Inflation Data Sends Rates into Retreat
Freddie Mac's Primary Mortgage Market Survey for the week ended June 18 showed significant decreases in all mortgage products although they are still above the record low territory of late spring.
The 30-year fixed rate mortgage (FRM) dropped to 5.38 percent with 0.7 point from the average of 5.59 percent with 0.7 point reported last week after three consecutive weeks of increases left the average of 4.82 percent reported on May 21 in the dust.
The 15-year FRM averaged 4.89 percent compared to a week earlier when the average was 5.06 percent. Fees and points were unchanged at 0.7 point. Before the recent run-up of rates new mortgagees were enjoying 15-year rates that averaged 4.5 percent.
Five-year Treasury-indexed hybrid adjustable-rate mortgages (ARMs) dropped 20 basis points from the previous week, averaging 4.97 percent. Fees and points both weeks were 0.6 point.
“Reports of benign inflation figures reversed the upward trend of mortgage rates this week,” said Frank Nothaft, Freddie Mac vice president and chief economist. “The producer price index rose only 0.2 percent in May, roughly a third less than the consensus forecast and the consumer price index increased by just 0.1 percent. Moreover, the 12-month drop of 5.0 percent in producer prices was the largest since 1949 and the 1.3 percent yearly decrease in consumer prices the biggest since 1950.
“It's still too early to tell whether the decline in housing market activity has hit bottom yet. The prior three-week run up in rates for 30-year fixed mortgages, which amounted to over 0.75 percentage points, is starting to slow homebuyer demand, at least temporarily. Mortgage applications for home purchases fell for the first time in four weeks, slipping 3.5 percent for the week ending June 12th, according to the Mortgage Bankers Association. In addition, although new construction of one-family homes rose for the third consecutive month in May by 7.5 percent and the National Association of Home Builders reported that homebuilder assessments of market conditions in June and for the remainder of this year had weakened.”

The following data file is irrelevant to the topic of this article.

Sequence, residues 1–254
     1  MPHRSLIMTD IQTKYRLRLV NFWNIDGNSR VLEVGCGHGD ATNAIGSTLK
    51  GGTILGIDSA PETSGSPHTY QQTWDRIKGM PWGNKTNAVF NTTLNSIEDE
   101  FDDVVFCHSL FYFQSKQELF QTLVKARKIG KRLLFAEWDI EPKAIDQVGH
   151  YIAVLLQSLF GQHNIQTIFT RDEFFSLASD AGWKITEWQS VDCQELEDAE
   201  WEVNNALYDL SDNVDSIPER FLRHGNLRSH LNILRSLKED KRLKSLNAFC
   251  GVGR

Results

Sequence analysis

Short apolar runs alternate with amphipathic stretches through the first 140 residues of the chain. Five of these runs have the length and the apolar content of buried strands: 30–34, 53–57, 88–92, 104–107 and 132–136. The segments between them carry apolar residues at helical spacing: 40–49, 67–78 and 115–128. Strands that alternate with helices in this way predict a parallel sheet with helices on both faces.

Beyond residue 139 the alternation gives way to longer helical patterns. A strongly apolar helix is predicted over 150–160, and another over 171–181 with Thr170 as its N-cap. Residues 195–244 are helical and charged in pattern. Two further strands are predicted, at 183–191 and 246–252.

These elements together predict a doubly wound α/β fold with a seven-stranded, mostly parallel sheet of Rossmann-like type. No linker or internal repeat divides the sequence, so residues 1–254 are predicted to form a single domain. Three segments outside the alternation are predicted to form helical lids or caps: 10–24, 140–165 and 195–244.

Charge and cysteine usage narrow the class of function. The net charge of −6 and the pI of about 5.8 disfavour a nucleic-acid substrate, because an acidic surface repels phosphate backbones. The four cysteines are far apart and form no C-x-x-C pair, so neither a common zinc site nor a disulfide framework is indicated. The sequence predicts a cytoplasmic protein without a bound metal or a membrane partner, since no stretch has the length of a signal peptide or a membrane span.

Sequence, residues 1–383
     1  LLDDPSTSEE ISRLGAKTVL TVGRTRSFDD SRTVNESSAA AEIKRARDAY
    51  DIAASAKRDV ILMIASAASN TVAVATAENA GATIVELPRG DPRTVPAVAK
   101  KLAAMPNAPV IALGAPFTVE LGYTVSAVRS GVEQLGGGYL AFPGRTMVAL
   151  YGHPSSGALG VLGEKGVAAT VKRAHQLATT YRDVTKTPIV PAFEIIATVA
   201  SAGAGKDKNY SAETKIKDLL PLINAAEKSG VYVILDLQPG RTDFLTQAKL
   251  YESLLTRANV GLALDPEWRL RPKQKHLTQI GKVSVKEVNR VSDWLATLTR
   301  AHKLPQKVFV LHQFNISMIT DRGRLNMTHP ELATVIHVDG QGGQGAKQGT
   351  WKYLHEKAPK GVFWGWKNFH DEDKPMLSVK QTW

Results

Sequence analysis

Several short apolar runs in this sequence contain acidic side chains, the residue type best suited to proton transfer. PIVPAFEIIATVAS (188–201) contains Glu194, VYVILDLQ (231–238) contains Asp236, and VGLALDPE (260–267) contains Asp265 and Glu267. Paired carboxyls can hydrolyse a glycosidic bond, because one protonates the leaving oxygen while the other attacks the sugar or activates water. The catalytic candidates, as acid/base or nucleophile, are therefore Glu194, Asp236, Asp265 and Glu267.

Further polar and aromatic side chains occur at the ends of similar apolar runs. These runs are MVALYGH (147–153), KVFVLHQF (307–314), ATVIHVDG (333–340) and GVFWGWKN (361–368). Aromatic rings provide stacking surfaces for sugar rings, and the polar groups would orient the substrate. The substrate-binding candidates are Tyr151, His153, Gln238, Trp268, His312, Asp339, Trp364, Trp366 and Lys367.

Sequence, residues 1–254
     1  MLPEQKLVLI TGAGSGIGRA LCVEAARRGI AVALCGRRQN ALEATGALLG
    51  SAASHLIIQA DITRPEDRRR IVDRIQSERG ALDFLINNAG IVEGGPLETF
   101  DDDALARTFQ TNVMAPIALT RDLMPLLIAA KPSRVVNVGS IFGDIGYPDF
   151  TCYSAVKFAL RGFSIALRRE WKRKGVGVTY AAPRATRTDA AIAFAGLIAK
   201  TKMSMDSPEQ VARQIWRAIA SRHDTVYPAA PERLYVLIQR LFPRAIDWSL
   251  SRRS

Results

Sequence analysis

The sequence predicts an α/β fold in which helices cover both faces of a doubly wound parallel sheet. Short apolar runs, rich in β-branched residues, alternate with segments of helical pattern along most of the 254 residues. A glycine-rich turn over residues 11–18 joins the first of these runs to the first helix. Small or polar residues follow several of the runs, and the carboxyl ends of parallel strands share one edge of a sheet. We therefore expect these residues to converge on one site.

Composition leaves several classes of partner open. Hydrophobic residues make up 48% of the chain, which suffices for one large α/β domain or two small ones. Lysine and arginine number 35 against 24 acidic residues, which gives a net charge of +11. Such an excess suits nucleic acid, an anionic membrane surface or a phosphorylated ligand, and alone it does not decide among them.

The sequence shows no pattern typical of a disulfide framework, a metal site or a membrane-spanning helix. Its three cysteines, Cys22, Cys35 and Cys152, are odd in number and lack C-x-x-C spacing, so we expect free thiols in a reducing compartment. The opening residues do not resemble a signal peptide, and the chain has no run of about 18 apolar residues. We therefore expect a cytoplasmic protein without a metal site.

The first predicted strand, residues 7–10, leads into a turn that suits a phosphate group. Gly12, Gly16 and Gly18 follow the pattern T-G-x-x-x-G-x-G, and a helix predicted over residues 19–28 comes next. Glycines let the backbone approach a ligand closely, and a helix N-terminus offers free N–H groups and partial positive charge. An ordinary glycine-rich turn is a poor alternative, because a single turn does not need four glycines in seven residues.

Weekly yields for Fannie Mae mortgages, however, continued to climb, perhaps reflecting the earlier closing date for its survey.
According to Fannie Mae's data, during the week ended June 12, the 30-year FRM rose to 5.260 percent compared to 5.17 percent the previous week. The 15-year FRM jumped from 4.57 percent to 4.7 percent while government guaranteed FHA and VA loans had an average for the week of 6.03 percent compared to 5.92 percent a week earlier.
The one-year ARM which averaged 3.53 percent during the week ended June 7 rose to 3.8 percent in the most recent period.
Fannie Mae yields are quoted net of servicing fees.
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